Padraig, it's nice to hear from you after a brief hiatus. Thanks for your essay. *grin* I wrote a lengthy one of my own and then my Mac ran out of juice before I could submit. This is probably all for the best so that I can focus on one point you made.
The growth experience of working on SOF is actually realizing and acknowledging that many personal truths coexist in the world -- that they should live together, even in tension with one another. Now, I'm not naive enough to think that they peacefully coexist or that one doesn't trump the other in certain political or theological hierarchies. In my immediate circle of friends who are non-religious and secular for the most part, the same could be said for "applying" their foundational texts of NPR or the NYT or Marx's manifesto. People sometimes wield this knowledge as a weapon, an instrument intent on blunting the conversation and winning rather than informing and serving as an entry point to dialogue about religion and politics and arts and so on. Simply put, we don't get to know and understand one another better.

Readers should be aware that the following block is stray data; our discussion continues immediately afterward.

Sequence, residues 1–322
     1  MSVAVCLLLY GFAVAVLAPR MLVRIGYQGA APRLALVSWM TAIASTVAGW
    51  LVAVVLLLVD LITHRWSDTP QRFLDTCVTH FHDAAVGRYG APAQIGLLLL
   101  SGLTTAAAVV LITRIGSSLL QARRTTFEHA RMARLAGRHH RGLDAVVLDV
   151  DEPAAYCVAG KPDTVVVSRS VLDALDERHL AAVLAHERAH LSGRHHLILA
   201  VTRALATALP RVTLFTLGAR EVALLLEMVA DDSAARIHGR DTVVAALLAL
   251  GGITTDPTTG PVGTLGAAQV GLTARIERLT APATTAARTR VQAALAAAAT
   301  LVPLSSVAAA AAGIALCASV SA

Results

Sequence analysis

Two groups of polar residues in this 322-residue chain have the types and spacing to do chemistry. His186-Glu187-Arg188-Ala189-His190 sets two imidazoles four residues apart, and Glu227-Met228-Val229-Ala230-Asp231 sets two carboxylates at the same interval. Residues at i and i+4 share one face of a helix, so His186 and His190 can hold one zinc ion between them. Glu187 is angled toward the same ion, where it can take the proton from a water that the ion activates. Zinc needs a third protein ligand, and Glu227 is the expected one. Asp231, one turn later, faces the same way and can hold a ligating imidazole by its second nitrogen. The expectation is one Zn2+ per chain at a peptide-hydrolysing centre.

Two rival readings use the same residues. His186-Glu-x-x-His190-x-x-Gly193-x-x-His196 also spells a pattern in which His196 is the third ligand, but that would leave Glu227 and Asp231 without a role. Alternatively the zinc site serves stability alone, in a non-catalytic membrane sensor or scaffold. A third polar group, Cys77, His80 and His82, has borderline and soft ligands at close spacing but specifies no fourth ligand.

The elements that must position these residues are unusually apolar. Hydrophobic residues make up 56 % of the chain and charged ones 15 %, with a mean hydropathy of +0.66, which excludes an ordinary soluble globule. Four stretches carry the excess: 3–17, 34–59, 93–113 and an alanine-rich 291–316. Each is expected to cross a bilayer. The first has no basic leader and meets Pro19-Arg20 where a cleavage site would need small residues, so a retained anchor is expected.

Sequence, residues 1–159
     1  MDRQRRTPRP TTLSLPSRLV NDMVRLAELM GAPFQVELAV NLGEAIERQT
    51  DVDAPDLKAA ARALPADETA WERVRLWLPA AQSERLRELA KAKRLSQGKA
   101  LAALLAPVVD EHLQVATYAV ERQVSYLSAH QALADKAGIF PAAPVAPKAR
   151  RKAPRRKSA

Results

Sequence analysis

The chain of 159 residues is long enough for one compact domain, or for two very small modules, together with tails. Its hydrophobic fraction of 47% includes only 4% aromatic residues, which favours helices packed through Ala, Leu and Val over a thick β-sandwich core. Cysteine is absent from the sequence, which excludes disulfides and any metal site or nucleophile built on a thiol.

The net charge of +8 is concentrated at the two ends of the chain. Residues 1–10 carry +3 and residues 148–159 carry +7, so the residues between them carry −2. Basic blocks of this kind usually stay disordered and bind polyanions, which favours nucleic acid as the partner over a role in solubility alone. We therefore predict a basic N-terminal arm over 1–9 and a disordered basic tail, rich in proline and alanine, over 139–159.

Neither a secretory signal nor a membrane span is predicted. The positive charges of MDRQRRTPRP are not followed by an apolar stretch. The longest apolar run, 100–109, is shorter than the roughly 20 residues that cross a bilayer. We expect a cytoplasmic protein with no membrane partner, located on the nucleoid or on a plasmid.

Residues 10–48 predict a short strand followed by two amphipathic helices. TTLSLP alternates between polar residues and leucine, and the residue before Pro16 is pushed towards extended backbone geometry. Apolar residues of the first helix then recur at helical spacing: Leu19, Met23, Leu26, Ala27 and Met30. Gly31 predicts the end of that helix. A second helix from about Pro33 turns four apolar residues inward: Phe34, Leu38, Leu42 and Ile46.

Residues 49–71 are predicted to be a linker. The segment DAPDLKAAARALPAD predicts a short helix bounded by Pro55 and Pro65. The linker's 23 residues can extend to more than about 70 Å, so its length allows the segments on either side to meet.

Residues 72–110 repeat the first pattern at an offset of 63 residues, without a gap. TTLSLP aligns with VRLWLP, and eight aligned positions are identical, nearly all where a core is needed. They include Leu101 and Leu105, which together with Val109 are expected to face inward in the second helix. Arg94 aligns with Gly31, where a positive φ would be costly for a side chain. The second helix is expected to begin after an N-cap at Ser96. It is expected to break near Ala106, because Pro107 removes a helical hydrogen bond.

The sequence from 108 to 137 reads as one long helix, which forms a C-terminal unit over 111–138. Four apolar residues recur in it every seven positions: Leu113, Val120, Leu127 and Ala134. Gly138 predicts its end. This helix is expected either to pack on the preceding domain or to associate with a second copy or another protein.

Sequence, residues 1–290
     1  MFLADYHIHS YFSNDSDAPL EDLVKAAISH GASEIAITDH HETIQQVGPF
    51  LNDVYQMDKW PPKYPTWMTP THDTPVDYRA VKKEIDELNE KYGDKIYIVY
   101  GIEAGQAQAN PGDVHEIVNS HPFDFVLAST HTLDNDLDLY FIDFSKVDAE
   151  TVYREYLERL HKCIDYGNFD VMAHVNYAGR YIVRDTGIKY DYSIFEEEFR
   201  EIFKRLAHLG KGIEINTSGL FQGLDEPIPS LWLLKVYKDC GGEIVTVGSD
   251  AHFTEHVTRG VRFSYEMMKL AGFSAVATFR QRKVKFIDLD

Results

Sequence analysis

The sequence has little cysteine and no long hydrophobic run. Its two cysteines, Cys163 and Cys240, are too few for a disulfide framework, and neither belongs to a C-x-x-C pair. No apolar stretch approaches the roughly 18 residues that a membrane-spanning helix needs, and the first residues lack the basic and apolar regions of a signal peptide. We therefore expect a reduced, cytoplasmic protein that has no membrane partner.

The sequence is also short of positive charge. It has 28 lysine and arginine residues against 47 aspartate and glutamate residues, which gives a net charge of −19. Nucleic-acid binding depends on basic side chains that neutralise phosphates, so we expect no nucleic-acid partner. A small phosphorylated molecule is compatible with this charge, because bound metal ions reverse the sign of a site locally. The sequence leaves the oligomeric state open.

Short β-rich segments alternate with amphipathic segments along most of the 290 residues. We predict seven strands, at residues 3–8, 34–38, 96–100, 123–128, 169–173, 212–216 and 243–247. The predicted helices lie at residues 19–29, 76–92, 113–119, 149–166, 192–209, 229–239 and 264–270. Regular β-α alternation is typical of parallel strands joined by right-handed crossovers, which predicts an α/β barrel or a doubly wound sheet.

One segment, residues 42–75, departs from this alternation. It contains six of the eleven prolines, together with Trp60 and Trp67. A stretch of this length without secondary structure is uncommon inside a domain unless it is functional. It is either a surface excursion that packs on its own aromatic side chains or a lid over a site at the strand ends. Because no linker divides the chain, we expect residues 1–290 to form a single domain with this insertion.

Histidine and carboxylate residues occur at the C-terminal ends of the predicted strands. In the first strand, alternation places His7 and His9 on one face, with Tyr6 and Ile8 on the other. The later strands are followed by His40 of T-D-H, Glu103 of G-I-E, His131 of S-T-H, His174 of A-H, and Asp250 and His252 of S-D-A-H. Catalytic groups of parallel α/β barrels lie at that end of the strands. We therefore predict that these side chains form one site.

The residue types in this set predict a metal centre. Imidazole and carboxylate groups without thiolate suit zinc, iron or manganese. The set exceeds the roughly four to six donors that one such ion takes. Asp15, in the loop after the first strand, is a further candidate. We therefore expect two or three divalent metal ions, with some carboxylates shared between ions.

I don't come from an evangelically driven world, but I do want to know more about why these types of programs seem to be so effective and attract many good people. I'm learning that sometimes good theology is not enough and is not what stirs people to action. Perhaps there is a certain elegance in the simplicity of a message and a singular purpose, whether it's to share one's conversion experience or lead people to a happier life through God or education or work. I acknowledge that I don't entirely understand the motivating factors (and I probably will never fully comprehend them); I just hope that exceptionalism doesn't creep in so that others may not be open to the religious, cultural, and personal wisdom of others. That's what I'm trying to do in this blog post, and in my life.
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